The Tour Photographer Checklist: Everything You Didn't Know You Needed
Going into your first tour, there is just some stuff that you don't realize you need until you're out there thinking "there's gotta be a better way to do this..." I've had that feeling a million times.
Here's a checklist of things I stock up on before every tour. This list consists of the necessities for me. No frills here, this is all stuff that will make you more comfortable, improve your workflow, be prepared for anything, and also make sure your phone doesn't die on you.
You'll also meet some incredibly smart people on tour who seem to have some problem-solving superpowers and always have a DIY or inexpensive method or item on hand to fix. I've learned about nearly all of these items from geniuses like that.
Just like any other job, there's lots about being a touring music photographer that you don't know until you experience it. This is a list of all the things I stock up on or own to make my life easier on tour.
I vouch for every one of these items and have used them firsthand with one exception; the Seagate Backup portable hard drives. I've previously used Western Digital MyPassports but after recent research I'll be changing to the recommended Seagate drives going forward. I wouldn't recommend if I wasn't confident it was a good product, and I'm convinced.
Here's a quick summary with links, but if you have time I'd recommend you scroll down and read why I recommend these items.
LP-E6 Camera Batteries and corresponding Charger
Portable Hard Drives
The 3-2-1 rule of backups; 3 copies of your data, 2 storage types, 1 copy offsite. Ever tried doing that while traveling? It’s not easy. Getting enough wifi to check Facebook can be a challenge. The reality is, you aren’t going to be able to consistently backup to the cloud on tour.
I pioneered the “Starbucks method” one tour, where I woke up and went to the nearest chain coffee shop to start uploading my high res exports from the previous night. Surprisingly, that wasn’t a sustainable backup method either.
You have to have hard drives on tour. You want 3, but you need 2. You’re going to lose one, or it’s going to die on you, you’ll accidentally format it, etc. Make your backup system part of your daily workflow.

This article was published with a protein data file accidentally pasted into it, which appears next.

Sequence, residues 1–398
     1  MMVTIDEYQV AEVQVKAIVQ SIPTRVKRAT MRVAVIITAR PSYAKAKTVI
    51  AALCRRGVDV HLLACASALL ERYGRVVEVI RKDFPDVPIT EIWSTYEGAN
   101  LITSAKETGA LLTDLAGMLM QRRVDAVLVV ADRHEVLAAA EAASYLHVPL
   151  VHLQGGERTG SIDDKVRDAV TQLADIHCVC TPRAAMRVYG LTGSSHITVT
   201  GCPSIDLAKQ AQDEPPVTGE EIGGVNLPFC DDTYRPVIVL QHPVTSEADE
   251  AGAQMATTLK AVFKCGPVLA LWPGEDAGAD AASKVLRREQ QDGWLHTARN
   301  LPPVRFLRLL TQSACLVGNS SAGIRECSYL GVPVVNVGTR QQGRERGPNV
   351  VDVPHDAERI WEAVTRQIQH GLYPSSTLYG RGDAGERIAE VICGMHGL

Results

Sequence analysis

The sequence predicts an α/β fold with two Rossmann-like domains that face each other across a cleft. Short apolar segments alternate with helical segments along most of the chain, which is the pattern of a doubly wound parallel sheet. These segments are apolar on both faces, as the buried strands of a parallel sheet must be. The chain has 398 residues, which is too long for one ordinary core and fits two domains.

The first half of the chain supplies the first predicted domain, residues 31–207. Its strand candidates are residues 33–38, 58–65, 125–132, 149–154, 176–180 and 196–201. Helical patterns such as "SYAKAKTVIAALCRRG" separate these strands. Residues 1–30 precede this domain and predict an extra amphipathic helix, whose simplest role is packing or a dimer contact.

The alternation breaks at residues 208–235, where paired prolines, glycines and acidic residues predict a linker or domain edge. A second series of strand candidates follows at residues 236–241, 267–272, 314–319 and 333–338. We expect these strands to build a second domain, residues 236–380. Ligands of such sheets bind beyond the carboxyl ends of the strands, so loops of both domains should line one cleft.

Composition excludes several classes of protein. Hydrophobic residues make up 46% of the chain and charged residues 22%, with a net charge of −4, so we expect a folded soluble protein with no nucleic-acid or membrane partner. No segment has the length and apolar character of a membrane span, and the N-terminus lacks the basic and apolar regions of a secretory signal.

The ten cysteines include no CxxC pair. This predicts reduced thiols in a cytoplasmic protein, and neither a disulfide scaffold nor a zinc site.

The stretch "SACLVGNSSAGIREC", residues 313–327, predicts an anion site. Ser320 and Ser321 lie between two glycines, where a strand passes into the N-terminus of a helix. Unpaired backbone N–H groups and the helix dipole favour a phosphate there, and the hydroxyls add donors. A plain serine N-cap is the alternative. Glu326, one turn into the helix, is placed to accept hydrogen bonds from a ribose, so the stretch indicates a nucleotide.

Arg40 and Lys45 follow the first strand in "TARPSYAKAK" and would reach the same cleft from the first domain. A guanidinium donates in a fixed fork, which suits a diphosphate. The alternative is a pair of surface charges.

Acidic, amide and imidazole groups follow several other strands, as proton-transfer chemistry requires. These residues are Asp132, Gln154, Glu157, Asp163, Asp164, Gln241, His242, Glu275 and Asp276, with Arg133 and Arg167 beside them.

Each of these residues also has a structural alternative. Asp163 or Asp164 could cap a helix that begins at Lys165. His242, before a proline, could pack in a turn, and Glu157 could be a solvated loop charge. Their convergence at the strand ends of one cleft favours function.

You want your portable hard drives to be reliable, fast, inexpensive, rugged, and of course, portable - meaning no power cables.
A good choice is the 2TB or 4TB Seagate Backup Plus. These drives have a very low failure rate according to The Wirecutter, on top of having an inexpensive price to data radio - the 4 TB version having the least price per TB. Seagate also offers a two-year warranty on the drives.
Use heavy-duty velcro to mount your hard drive to the top of your laptop when you're using it. This is a great technique to avoid accidentally unplugging them in the middle of file transfers, or simply to attach and work off them without worrying. This is a serious lifestyle changer, and it makes you feel so much safer when working with your hard drives.
Cards go missing all the time, just like everything else on tour. They are dirt cheap right now, so there’s no reason not to have extras. Buy them on Amazon where they’re cheaper so that you don’t need to mope into an electronics store 4 miles from the venue in Omaha or something and buy an inferior one at a higher price.
For the way I shoot and the gear I have on-hand, I like to use SanDisk Extreme Pro 64GB cards. The 64gb size means I can shoot 2,000 photos in one night and not worry about card space or changing cards while I work. If you want a more budget-friendly pick, a SanDisk 64gb Ultra will be just fine in nearly every situation.
Gaff tape is stupid expensive but you need it. I can’t tell you exactly what all you need it for but you will. I use it to label hard drives, cables, anything I own that I don’t want borrowed or stolen. In extreme circumstances I’ve used it to prank people, tape pants back together, and hang my iPad to the ceiling.
Silver so you can write on your black gaff tape, and so people are less likely to think they belong to them. Most tour people use black Sharpies so yours will be unique.
I don’t buy black Sharpies but I “accumulate" them. Usually a tour manager or someone in the crew will have them in bulk so that artists always have something to sign with. But artists always put them down or forget about them so I pick them up and hold onto them until they inevitably need a sharpie and the tour manager isn’t around. Doesn’t hurt that I always seem to have a small stash of them at the end of the tour that I can roll-over into the next gig.